Elk are members of the deer family called Cervidae, which is part of a larger group of mammals called ungulates (mammals with hooves). In North America there are five species of cervidae: elk, moose, caribou, white-tailed deer, and mule deer. Of these animals, only caribou do not live in Idaho.
The average elk lives about 20 years. Adults, although rarely hunted by predators, might fall victim to bears, mountain lions and grey wolves. The calves might be prey for coyotes or bobcats. They protect themselves by living in large herds of up to 400 in number.
Where Do They Live?
Elk once lived in many areas of the northern hemisphere, but excessive hunting and habitat destruction has limited their numbers in North America to largely the western United States and Western Canada. Only Colorado and Montana have more elk than Idaho. Elk have been reestablished in areas of Michigan and also introduced to countries such as Argentina, Chile and Australia, among others.
Elk need food, water, shelter and space to survive. Elk live all across Idaho, but especially near large meadows where they graze on grasses and the leaves of shrubs and trees. They like meadows that are near forested areas where they can hide when necessary. Elk tend to remain in the trees during the day and venture into the meadows to feed at dawn and dusk.
Elk are herbivores. On average, an elk must eat about three pounds of food per day for every 100 pounds it weighs. This can add up to 20 pounds of food every day! Elk need plenty of space, too. They need to be able to reach their food, water, and shelter easily without human interference. Elk need a healthy habitat and are affected by how many people live in and around that habitat.
Adaptations: Color and Coat
Elk have developed a number of adaptations to help them survive. The Shawnee Indians called the elk Wapiti, which means “white rump.” This is because their hind end tends to be white in color. An elk's coat color is any shade from tan to dark brown depending upon the season. Their necks and legs are usually darker than the rest of their bodies. Bulls (males) tend to be lighter in color than cows (females.) Their color provides them with camouflage.
In addition to helping protect the elk from predators, an elk's coat helps keep it warm or cool depending on the season. Twice a year, elk shed every hair on their body. Their spring shedding is noticeable because old winter hair dangles like long shaggy beards from their necks and sides. By July their winter coat is completely replaced by their summer coat. This coat has just one layer of hair. Longer, darker hair begins appearing on their heads and necks sometime in early September. An elk's winter coat is five times warmer than its summer coat. It consists of two layers — thick, long guard hairs and a dense woolly undercoat. An elk's ability to grow the coat it needs is a type of adaptation for survival.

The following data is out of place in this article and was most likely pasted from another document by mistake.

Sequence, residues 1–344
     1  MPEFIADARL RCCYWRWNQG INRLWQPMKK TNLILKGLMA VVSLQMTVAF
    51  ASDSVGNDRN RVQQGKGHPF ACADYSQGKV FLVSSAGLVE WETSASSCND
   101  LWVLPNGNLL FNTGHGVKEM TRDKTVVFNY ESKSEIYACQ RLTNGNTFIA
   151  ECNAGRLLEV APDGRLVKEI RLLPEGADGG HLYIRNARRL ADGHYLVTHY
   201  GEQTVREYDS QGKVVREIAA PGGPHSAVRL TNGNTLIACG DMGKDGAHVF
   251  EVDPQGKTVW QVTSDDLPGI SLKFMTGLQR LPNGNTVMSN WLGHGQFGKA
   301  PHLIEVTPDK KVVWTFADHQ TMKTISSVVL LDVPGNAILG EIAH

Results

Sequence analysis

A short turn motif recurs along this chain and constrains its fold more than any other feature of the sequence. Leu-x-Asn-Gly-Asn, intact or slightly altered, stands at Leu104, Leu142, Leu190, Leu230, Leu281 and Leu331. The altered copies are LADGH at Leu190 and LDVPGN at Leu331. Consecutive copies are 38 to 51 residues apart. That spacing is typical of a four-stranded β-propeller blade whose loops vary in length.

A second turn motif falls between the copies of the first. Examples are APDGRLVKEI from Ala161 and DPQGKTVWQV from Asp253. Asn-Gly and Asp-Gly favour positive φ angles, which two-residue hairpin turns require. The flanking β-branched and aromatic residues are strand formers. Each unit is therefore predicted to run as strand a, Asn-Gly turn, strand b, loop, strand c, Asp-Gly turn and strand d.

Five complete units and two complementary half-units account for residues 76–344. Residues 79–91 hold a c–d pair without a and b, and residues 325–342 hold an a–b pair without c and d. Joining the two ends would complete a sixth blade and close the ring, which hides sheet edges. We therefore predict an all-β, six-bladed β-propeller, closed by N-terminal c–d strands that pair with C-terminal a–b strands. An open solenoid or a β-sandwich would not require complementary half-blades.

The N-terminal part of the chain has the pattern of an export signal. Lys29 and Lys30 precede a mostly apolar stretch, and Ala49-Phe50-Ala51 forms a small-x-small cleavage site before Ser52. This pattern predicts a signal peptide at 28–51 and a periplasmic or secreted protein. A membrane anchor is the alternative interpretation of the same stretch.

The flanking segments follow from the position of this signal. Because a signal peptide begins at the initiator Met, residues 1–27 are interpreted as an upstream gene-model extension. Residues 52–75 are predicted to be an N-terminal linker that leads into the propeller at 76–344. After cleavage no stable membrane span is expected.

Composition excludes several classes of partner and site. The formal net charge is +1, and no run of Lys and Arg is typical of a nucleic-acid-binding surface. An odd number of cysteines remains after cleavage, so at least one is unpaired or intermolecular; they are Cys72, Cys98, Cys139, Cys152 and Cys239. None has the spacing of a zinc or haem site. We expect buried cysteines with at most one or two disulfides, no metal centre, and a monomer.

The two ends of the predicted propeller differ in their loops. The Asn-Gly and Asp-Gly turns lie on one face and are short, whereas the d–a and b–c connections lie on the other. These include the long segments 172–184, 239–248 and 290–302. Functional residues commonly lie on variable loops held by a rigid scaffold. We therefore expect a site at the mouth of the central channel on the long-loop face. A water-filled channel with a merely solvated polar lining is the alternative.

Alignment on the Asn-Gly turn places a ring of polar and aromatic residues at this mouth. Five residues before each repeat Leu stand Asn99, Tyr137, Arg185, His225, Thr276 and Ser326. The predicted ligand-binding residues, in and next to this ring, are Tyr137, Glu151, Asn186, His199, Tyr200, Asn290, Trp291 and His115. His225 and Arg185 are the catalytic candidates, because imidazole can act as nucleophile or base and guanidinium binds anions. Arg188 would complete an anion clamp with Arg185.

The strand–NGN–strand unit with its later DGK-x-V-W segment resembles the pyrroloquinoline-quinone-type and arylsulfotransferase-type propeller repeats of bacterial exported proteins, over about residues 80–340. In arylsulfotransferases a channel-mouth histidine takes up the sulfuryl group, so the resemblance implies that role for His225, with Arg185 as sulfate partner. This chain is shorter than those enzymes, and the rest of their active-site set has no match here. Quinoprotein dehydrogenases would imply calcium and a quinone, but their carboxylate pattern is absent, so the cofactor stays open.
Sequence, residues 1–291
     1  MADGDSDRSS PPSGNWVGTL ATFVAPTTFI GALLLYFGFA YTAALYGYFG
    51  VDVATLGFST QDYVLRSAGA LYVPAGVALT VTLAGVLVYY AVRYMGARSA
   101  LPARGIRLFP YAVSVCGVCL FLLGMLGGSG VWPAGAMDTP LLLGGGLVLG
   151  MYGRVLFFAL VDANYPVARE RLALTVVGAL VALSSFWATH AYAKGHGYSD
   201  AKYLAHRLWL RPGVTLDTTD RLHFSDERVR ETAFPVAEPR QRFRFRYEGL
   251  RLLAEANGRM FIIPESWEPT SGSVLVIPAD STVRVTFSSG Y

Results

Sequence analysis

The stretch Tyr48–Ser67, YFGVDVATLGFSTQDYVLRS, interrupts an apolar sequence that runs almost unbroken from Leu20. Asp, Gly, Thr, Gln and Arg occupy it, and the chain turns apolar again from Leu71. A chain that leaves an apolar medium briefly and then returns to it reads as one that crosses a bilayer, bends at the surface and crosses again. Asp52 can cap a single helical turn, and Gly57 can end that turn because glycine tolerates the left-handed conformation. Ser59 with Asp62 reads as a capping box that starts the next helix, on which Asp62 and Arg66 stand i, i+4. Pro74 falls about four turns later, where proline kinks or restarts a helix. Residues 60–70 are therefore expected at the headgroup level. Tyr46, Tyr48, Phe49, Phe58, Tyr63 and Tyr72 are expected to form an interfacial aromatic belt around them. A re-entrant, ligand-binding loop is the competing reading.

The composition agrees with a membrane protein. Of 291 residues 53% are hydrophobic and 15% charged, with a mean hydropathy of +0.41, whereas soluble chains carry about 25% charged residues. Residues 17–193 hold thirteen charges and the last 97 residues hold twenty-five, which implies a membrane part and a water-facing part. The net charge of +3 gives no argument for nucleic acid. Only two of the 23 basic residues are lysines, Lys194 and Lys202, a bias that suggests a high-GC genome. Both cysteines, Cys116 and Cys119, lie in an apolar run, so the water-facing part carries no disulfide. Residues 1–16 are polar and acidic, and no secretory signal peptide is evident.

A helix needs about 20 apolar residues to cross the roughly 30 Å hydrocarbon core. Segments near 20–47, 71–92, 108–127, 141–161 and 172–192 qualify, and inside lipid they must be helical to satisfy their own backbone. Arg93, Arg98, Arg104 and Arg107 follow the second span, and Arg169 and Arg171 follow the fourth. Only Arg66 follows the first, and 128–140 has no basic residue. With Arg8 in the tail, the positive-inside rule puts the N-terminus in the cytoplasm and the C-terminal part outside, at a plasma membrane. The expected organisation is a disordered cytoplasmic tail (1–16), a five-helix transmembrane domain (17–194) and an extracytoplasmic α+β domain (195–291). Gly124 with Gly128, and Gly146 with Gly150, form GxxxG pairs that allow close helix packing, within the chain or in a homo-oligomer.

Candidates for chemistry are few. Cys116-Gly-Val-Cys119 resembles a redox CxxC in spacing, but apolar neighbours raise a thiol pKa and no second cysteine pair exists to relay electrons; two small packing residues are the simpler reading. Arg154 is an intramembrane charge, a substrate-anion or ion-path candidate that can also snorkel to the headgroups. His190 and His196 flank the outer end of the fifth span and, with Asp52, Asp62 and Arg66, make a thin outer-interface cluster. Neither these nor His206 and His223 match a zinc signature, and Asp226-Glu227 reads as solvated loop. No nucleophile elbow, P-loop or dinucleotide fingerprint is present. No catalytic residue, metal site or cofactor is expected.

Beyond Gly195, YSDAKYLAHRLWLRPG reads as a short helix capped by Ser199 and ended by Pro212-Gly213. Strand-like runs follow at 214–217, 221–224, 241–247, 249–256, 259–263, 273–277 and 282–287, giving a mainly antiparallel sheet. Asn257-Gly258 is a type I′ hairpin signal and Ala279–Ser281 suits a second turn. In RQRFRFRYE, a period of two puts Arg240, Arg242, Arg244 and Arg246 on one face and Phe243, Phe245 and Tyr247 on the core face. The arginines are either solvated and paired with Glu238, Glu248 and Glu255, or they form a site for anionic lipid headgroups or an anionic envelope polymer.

Adaptations: Life Cycle
Bulls and cows are different sizes. Bull elk can weigh more than 700 pounds. A cow elk can weigh more than 500 pounds. Elk gather in herds that may range from 10 to 400 animals. Living in a herd helps them stay safe from predators.
Migration, which is the seasonal movement of animals, is an important part of elk life. During the spring, elk migrate to higher elevations in search of new plants, often following routes that they have traveled before. Elk spend their summers in the mountains where food is abundant and the temperature is cool. During the spring and summer, male and female elk form separate herds. In the fall, snow in the high country gives elk the signal to head to lower elevations. The fall is elk mating season, known as the rut, when male and female herds mix. Bull elk will fight each other to gain control of a group of cow elk known as a harem. They defend the territory around their harem and herd the cows to keep them together.
Elk calves are born from mid-May through early July. Typically a calf weighs about 35 pounds at birth and may gain up to two pounds a day for the next few weeks. A calf is able to stand on its own just 20 minutes after birth. To help it hide from predators, the calf has spots for camouflage and no scent of its own. The mother elk will leave the calf hidden alone for long periods of time to prevent predators from locating the calf by sniffing out the scent of the mother. After about 16 days, the calf is ready to join the larger herd. The cows form a “nursery herd” around the calves to keep them safe.
Elk are known for their huge antlers. Antlers are a fascinating adaptation of the deer family. All males of the Cervidae family grow antlers. Caribou females also grow antlers.
Each spring, bull elk begin growing antlers from bony bumps on their heads. It takes an elk four or five months to completely grow a set of antlers. Antlers begin as layer upon layer of cartilage that slowly changes into bone. They are light and easily damaged until late summer when they completely turn into bone.
The antlers are covered with a thin skin called velvet. The velvet is covered with fine, short hairs and contains thousands of blood vessels, which carry calcium and minerals needed for building strong bones. Once the velvet is gone, grooves and ridges on the antlers mark the paths of veins that carried blood throughout the antlers.